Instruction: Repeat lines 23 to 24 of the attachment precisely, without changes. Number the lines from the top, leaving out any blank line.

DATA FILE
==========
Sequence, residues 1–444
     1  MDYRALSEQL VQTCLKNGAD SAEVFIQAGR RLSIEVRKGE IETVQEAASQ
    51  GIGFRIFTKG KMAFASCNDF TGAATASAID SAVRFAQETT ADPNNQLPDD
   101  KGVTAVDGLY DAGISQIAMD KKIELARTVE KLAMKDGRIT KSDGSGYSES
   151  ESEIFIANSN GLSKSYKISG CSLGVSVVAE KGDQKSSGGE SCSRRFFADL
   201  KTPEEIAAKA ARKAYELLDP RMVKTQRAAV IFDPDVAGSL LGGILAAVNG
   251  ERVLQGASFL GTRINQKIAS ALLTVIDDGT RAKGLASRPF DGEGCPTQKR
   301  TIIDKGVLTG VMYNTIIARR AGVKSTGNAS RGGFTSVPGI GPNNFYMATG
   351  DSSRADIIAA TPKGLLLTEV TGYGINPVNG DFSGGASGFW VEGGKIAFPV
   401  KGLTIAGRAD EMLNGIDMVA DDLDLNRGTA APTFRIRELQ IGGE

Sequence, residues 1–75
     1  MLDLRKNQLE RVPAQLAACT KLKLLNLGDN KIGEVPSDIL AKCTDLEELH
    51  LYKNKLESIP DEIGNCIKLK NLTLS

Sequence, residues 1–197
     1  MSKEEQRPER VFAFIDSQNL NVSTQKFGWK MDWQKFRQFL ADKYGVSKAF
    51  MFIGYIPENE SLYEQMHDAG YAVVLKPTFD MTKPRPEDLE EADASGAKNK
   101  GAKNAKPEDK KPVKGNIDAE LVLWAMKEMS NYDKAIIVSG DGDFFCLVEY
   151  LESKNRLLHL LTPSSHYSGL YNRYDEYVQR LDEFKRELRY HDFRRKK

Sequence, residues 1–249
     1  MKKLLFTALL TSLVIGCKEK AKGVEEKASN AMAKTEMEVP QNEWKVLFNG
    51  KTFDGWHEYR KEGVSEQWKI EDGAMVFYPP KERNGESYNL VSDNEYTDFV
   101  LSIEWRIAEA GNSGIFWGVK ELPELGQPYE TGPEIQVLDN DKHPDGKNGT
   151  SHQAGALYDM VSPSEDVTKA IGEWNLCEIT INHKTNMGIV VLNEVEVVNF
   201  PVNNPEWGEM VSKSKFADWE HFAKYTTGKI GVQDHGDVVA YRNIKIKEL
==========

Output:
   151  SHQAGALYDM VSPSEDVTKA IGEWNLCEIT INHKTNMGIV VLNEVEVVNF
   201  PVNNPEWGEM VSKSKFADWE HFAKYTTGKI GVQDHGDVVA YRNIKIKEL